One of the primary goals is symptom management. The disease itself may cause symptoms, but so can treatments. For example, chemotherapy drugs may cause nausea and vomiting. Also, narcotic drugs to control pain frequently lead to constipation.
By providing relief for various symptoms, palliative care can help you not only carry on with your daily life, but also improve your ability to undergo or complete your medical treatments.
Here are some symptoms that palliative care may address:
- Nausea and vomiting
- Bowel or bladder problems
- Loss of appetite, weight loss, or wasting
- Shortness of breath or labored breathing
- Delirium or mental confusion
- Difficulty sleeping
You may start palliative care at any stage of your illness, even as soon as you receive a diagnosis and begin treatment. You don't have to wait until your disease has reached an advanced stage or when you're in the final months of life. In fact, the earlier you start palliative care, the better. Anxiety, depression, fatigue, and pain can set in at the beginning of treatment. Palliative care teams understand the stresses that you and your family face and can help you to cope.
Talk to your doctor about a referral to palliative care. In most cases, patients receive palliative care in a hospital setting, but services can also be delivered in a patient's home, a hospice, or a long-term care facility.
How To Find Palliative Care
First, ask your primary care doctor for a referral to palliative care. Remember: you don't have to give up your relationship with your regular doctors to receive palliative care services. The palliative care team will work with your other doctors. In most cases, patients receive palliative care in the hospital. But other health care settings offer palliative care, too, including assisted living facilities, nursing homes, outpatient clinics, and hospices. Your doctor may inform you about local palliative care offerings, but if not, you can use the resources below to locate palliative care in your community.
Most insurance plans cover palliative care treatment in full or partially. Typically, Medicare and Medicaid also cover palliative care. If you're concerned about costs, speak to a social worker from the palliative care team. Most doctors welcome the services that a palliative care team provides to their patients. However, on rare occasions, a primary care doctor might hesitate to make a referral. If you encounter this problem, ask your doctor for an explanation. You can also ask the palliative care team to help you explain why you would like such services. Then you can speak with your primary care doctor about how palliative care could benefit you.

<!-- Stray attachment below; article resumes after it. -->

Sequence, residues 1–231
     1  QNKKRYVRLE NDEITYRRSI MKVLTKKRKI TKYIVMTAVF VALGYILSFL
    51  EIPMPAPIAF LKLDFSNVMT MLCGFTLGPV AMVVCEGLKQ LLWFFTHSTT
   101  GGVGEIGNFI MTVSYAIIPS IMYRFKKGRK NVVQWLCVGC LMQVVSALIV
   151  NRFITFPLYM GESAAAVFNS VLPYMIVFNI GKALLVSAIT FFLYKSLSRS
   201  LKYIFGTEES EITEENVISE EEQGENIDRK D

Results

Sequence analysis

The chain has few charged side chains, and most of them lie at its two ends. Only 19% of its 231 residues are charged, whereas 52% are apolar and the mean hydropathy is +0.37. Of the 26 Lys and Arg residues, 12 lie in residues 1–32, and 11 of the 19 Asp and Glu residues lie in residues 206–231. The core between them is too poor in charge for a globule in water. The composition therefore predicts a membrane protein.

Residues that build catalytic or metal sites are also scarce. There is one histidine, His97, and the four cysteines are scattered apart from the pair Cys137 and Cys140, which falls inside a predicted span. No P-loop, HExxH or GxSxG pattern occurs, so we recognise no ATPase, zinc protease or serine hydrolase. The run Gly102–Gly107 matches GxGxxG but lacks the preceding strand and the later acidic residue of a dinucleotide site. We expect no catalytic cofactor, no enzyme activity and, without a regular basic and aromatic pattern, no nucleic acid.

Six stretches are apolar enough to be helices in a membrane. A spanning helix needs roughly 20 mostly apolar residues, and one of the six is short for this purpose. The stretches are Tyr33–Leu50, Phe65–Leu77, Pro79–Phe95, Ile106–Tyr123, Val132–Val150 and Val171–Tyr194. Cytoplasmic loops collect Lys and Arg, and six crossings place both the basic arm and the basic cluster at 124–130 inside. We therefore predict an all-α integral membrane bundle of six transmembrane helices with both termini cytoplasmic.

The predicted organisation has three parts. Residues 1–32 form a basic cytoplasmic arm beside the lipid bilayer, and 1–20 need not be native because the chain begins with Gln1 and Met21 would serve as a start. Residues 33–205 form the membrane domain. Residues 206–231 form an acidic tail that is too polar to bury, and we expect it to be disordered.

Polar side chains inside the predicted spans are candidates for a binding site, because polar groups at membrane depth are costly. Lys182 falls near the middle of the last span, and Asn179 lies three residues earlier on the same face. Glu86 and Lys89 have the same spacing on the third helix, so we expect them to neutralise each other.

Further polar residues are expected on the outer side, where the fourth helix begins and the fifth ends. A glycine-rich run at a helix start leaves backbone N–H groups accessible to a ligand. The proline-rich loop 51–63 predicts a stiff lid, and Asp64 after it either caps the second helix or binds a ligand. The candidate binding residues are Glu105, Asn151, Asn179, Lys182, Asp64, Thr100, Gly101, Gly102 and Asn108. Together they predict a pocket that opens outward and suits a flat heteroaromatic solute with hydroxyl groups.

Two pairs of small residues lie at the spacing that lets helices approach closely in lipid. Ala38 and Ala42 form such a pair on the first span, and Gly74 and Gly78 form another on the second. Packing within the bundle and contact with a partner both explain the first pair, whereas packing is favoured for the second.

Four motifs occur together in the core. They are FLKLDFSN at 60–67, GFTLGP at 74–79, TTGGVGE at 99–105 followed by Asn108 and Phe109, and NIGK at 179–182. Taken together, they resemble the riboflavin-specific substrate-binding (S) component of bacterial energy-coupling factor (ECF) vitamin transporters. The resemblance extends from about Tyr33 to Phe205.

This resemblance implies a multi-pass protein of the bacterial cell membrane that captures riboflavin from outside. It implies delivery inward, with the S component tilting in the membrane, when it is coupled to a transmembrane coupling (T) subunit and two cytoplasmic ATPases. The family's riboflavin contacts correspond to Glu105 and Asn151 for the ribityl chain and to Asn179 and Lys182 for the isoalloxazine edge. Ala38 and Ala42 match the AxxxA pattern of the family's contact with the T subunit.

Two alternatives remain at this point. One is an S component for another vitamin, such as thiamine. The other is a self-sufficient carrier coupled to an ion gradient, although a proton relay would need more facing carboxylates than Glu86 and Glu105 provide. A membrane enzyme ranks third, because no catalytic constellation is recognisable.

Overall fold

Hospice And Palliative Care Are Not the Same
Understanding the differences between Hospice and Palliative care is important. Many people confuse hospice care, thinking they are one and the same. Although they share similar philosophy, the delivery of care is different. Both hospice and palliative care focus on quality of life or "comfort care," including the active management of pain and other symptoms, as well as psychological, social and spiritual issues often experienced at the end of life. Here are the following similarities and differences in hospice and palliative care:
- A Medicare benefit, hospice care is available for patients whose life expectancy is six months or less, as determined by their physician
- Patients must sign a form acknowledging that they will forgo curative efforts
- Hospice care takes place in the home, long-term care facility, or hospice residence
- Hospice extends care to the family into the period of bereavement
- Palliative care services does not depend on life expectancy, are best introduced early in care, and may be pursued at the same time as curative efforts
- Palliative care is often provided in acute-care hospitals and is also offered in long-term care and post-acute care facilities
- Palliative care can begin as early as the time of diagnosis, even when aggressive treatment is still being sought
- The goal of palliative care is to provide a better understanding of medical care choices, detailed practical information and assistance, and emotional support for the patient and their family
- Families should speak with their physician early on about prognosis and goals of care, and ask about contacting a hospice or palliative care service